Spain may be revered as e home of gastro chic (or cocina de vanguardia, as it is known here), yet its hospitality industry is reeling, in a country with the highest unemployment rate in Europe (24 per cent), where the budgetary shortfall has recently forced government to raise taxes, threatening to erode further consumption . Those forces are battering restaurants, from high-volume taverns like Mr Garcia’s to upscale dining rooms that once catered to bankers and politicians.
    Their chief rival is now a home-cooked meal; to compete with dinner parties, some owners are inviting diners to bring their own wine. Restaurants are changing menus and cutting prices and portions. Customers are noticing new charges for extra ice or tap water served in a pitcher.
    Even some of the very best restaurants are giving up Michelin stars to offer lower-cost alternatives, form trattoria fare to standard hotel cuisine. This summer, trendy outposts are remodelling to create a casual look, they don’t change, they will not last.
    Long a country with an almost unmatched bar culture, Spain is confronting a challenge that could threaten its role as a leader in global place on international lists of top restaurants.
    In the last few months, David Munoz a prominent Madrid chef and the owner of DiverX0, which has stars, has questioned whether Spain can main momentum in the crisis.
    Ferran Adria, a celebrated chef who helped transform Spain from a culinary backwater, insists that best restaurants are shielded from the downturn.
    “Really good restaurants aren’t anywhere near closing but the ones that do dose are those run by businessmen who didn’t really know much about gastronomy” Mr Adria said. “Crisis or not, you’ve never eaten as well as now in Spain.”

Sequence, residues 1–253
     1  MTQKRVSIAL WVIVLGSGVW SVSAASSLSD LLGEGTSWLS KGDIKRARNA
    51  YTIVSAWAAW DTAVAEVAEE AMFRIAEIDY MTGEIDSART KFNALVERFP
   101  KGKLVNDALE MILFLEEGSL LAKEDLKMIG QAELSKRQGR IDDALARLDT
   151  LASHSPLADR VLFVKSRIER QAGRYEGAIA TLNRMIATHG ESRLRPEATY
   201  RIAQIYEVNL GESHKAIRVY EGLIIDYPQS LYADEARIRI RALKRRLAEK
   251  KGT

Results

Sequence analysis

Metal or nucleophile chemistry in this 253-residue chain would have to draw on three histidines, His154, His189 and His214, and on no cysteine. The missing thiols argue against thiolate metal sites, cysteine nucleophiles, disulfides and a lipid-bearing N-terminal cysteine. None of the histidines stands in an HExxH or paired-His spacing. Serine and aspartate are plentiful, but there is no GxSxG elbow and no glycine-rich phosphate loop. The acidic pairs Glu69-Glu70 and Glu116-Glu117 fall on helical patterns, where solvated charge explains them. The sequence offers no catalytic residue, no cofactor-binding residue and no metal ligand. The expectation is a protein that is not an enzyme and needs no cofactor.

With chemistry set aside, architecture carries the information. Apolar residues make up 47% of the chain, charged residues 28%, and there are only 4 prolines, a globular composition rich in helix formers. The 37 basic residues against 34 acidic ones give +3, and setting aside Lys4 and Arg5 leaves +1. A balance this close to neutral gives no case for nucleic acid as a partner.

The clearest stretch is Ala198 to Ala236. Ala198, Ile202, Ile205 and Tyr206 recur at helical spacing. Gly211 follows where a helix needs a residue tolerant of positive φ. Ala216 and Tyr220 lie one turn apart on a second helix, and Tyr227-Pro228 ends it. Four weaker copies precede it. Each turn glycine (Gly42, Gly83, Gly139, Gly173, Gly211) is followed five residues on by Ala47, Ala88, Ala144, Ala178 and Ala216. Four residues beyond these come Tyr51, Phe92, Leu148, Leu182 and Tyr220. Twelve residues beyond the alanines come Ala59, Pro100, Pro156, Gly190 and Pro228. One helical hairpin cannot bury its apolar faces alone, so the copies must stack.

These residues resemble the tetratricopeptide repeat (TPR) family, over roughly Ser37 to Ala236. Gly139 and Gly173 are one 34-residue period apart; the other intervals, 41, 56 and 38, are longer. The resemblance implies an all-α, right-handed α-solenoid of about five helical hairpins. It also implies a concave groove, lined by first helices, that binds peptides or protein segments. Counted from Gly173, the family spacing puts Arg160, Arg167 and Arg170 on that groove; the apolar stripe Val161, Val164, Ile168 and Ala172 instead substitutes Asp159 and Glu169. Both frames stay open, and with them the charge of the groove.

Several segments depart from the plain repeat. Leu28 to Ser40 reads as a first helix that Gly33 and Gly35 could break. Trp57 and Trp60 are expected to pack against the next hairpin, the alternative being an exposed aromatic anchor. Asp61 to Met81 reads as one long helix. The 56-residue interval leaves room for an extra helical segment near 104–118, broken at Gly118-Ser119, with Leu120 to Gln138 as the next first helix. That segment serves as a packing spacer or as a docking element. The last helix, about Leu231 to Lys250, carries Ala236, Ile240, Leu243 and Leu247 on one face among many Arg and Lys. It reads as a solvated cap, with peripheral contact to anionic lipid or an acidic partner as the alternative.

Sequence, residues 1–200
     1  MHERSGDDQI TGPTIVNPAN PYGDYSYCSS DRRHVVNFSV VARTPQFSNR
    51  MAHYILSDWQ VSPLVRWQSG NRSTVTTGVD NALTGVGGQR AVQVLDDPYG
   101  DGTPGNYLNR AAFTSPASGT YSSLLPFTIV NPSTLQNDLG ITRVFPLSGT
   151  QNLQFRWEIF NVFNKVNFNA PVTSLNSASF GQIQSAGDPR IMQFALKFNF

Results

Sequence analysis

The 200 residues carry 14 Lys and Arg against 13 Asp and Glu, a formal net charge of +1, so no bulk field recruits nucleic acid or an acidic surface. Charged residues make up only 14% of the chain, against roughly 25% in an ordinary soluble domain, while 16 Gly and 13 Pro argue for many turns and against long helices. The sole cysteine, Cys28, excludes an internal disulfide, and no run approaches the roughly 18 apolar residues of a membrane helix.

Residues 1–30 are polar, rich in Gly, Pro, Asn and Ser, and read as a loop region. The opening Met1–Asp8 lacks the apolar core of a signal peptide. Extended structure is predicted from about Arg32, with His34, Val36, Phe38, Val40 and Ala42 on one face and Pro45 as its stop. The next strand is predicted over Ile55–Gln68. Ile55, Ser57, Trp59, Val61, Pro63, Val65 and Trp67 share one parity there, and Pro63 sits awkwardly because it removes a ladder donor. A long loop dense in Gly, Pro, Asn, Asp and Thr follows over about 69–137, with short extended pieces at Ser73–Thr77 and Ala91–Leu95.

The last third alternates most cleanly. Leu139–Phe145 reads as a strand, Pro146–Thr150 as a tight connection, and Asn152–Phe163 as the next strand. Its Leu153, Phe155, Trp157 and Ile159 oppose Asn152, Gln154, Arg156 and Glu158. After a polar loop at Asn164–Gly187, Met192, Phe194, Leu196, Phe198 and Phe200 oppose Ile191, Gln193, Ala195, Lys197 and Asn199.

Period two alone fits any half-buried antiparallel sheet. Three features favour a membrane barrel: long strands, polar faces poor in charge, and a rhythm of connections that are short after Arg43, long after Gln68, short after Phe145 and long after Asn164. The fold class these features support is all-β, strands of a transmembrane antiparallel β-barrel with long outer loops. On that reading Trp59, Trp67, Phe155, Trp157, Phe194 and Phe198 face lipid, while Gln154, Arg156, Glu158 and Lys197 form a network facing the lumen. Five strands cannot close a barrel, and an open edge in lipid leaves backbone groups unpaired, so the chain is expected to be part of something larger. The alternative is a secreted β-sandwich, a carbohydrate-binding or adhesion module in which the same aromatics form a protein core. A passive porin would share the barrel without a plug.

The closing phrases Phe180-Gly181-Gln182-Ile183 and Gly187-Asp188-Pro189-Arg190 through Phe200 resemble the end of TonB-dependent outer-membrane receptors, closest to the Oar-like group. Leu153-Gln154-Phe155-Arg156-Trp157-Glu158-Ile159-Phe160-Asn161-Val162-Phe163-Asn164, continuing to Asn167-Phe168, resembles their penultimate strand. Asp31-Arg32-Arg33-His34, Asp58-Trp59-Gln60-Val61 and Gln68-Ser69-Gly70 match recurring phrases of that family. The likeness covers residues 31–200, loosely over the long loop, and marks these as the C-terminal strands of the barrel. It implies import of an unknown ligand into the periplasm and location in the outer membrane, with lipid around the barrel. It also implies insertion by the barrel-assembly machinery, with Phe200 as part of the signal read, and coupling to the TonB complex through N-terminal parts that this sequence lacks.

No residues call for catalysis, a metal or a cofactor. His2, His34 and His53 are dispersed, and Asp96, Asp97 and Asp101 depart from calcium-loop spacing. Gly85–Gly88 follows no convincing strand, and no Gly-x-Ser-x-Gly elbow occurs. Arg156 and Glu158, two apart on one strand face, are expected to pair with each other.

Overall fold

But even one of Mr Adria’s favourites, the Madrid mainstay Sula, is remodelling to keep its customers.
    Perched in trendy Salamanca neighbourhood, the restaurant was known for deluxe “Ham and Champ” tasting of artisanal ham, Joselito Gran Reserva, Dom Perignon Champagne. Recently Sula started offering cava, Spain’s version of sparkling wine, as a cheaper alternative.
    (Photo show Casa Robles in Seville empty at dinner hour)
    The owners are overhauling the restaurant at a cost of 4 00,000 euros to convert the ground floor into a tapas bar and to create space for private corporate diners. “Nobody can afford to take three hours to have a meal these days,” said Jose Gomez, an owner of Sula. “If you don’t invest money in making this kind of overhaul, you risk being on our way out of business.”
    The worst year was 2009, when 5,000 res rants and bars closed, according to an annual market report issued this year by the Nielsen Company in Spain. But the disappearance of restaurants has continued with the relentless force of La Crisis: 4,000 in 2010 and 3,000 in 2011, reducing the total to 220,000, the fewest since 1997.
    In Madrid, some of the Spanish capital’s most emblematic restaurants have shut down. Two were long-time redoubts for financiers and celebrities, including the half-century-old Principe de Viana and Club 31, which opened in 19 59 and belonged to an ex-politician who was unable to attract new financing. The casualty list includes well-known names Nodo, O’Lif and Hakkasan, the Chinese restaurant with seven locations around the world.
    A few days ago, the Michelin-starred restaurant Evo, in the Hotel Hesperia Tower in Barcelona, announced its closing, bemoaning the difficulties of maintaining gastronomic restaurant in the crisis. NH Hotels, the owner of the hotel, is planning to transform the restaurant, started in by the Catalan chef Santi Santamaria (who died last year) into something “without pretensions.”
    In Valencia, every type of restaurant is feeling the crunch. This month, the owners of the T.G.I. Friday’s chain shuttered the branch that had opened just last year. In May, the chef Rau1 Aleixandre closed his 30-year-old Ca’ Sento, a Michelin-starred restaurant, laying the blame on economic difficulties.